"It's got a good location and good quality of life," said Bob Safai, owner of brokerage firm Madison Partners.

While sticker shock is rare, those seeking space are often in for a rude awakening at the lack of choices, Macker said. Contiguous blocks of class-A space greater than 50,000 square feet have dwindled throughout the Westside.

"They automatically think if they come to Santa Monica, there would be space waiting for them, but a number of buildings are 98 to 100 percent leased," he said.

The only Westside weak spots are fringe buildings along Westwood Boulevard, where vacancies are higher, he said. Indeed, Westwood was the weakest performing Westside submarket in the second quarter, with tenants vacating 67,896 more square feet than they occupied.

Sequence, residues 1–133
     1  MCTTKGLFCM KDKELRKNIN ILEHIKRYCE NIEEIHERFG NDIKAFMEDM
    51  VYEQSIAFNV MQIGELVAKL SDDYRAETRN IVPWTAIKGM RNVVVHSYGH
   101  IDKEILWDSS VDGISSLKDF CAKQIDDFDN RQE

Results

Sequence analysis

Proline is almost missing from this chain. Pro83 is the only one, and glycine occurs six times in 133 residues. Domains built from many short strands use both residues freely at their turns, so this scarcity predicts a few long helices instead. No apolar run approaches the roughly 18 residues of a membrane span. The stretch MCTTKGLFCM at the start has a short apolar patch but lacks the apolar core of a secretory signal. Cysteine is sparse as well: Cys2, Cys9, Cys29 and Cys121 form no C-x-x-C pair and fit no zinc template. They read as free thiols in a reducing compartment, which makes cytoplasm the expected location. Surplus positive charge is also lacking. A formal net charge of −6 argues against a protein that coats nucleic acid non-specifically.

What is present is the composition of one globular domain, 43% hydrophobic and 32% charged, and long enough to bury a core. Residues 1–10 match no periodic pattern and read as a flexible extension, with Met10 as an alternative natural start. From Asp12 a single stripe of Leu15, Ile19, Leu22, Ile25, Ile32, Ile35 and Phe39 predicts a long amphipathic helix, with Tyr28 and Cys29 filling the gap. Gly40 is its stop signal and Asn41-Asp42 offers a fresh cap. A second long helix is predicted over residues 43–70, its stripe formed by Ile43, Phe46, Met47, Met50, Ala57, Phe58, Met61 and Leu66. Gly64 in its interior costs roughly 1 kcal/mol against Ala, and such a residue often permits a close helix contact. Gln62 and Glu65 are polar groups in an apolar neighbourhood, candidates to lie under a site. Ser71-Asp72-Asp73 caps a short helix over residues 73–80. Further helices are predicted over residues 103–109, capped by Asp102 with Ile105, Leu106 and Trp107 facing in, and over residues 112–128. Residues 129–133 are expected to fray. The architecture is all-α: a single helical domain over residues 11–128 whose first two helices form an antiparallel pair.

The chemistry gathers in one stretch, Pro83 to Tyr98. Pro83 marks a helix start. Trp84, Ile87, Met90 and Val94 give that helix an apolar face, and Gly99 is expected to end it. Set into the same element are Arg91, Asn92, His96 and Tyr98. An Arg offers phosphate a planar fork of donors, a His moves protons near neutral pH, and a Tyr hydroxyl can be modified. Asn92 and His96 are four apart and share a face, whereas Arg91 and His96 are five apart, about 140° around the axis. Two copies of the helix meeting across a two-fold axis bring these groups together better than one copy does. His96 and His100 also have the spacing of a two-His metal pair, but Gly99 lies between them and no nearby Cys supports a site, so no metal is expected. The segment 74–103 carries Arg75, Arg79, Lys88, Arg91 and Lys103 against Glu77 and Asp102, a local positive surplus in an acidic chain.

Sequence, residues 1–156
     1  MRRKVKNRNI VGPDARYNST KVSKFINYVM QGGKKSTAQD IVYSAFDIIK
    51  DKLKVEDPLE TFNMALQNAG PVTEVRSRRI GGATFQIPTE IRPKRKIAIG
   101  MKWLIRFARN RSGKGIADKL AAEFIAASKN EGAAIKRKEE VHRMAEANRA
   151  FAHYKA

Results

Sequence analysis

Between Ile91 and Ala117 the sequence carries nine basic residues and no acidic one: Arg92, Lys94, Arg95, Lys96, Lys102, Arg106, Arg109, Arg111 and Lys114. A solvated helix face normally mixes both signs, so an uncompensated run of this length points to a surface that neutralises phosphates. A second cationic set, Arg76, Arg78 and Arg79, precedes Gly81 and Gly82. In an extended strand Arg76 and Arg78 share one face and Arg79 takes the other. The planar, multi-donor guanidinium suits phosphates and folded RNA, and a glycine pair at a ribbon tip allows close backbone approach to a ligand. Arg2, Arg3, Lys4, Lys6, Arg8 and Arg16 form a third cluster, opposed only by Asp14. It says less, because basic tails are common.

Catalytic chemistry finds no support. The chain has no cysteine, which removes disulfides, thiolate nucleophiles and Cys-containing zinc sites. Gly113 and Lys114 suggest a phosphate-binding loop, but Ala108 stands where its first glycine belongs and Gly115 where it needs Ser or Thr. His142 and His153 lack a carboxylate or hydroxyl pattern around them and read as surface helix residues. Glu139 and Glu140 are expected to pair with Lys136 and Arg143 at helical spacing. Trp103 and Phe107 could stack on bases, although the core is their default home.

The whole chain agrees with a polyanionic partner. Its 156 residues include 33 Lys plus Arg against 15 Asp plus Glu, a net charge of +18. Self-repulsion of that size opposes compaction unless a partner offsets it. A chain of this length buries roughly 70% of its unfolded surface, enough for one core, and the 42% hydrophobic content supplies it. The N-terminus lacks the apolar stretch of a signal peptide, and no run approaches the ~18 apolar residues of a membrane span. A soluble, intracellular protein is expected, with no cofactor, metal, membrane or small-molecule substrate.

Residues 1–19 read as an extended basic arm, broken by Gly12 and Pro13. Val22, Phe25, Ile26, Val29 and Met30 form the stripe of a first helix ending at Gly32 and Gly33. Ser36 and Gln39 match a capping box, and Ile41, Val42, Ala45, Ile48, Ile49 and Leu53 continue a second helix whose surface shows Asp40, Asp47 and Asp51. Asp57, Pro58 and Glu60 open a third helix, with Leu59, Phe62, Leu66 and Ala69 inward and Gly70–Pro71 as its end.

While the Westside and Tri-Cities hummed in the second quarter, other areas lagged. Most notably, downtown, the LAX area, Mid-Wilshire and Long Beach all remain soft. Mid-Wilshire's vacancy rate improved slightly, to 27.6 percent in the second quarter from 28 percent during the previous three months, but its average monthly lease rate of $1.15 is the lowest in the entire county, even lower than LAX-area rents.

The area suffering the biggest setback was the Long Beach Freeway Corridor submarket, which saw its vacancy rate jump to 21.3 percent, up from 13.7 percent in the first quarter. Tenants there bailed out of 132,855 more square feet than they occupied.

Other South Bay submarkets more than made up for that loss, however, bringing the South Bay's overall vacancy rate down to 17.3 percent, a 1.2 percentage point improvement from the first quarter. That strength was primarily from the El Segundo/Manhattan Beach and 190th Street Corridor submarkets.